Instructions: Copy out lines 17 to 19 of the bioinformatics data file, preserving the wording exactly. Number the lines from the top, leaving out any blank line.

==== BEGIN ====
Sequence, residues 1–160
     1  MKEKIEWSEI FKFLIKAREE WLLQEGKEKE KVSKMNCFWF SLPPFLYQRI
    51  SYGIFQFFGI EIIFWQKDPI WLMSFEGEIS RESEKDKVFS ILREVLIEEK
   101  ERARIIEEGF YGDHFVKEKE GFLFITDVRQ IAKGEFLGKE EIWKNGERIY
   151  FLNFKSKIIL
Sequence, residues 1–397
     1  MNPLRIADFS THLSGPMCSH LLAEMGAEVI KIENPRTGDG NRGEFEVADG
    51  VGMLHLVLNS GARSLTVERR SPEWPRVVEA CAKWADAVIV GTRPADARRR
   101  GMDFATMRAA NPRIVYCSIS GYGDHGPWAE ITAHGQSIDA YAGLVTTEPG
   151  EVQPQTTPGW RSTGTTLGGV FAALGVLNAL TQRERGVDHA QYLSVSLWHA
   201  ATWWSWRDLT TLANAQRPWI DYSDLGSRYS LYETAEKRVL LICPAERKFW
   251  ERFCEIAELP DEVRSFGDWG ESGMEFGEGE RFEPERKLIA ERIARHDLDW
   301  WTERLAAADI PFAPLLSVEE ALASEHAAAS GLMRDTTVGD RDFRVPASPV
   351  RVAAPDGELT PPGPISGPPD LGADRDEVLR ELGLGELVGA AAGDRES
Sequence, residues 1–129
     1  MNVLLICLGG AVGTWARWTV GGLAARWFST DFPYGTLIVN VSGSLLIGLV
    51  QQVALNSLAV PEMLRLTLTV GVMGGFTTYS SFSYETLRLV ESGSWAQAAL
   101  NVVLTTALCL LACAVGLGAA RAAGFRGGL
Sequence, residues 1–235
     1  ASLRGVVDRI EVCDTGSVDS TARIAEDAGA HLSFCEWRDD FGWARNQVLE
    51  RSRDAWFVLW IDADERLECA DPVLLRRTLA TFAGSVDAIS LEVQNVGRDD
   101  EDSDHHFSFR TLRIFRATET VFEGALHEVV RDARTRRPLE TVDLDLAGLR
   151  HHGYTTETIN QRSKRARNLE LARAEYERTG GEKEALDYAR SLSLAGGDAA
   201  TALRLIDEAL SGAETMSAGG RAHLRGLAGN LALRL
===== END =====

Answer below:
    51  QQVALNSLAV PEMLRLTLTV GVMGGFTTYS SFSYETLRLV ESGSWAQAAL
   101  NVVLTTALCL LACAVGLGAA RAAGFRGGL
Sequence, residues 1–235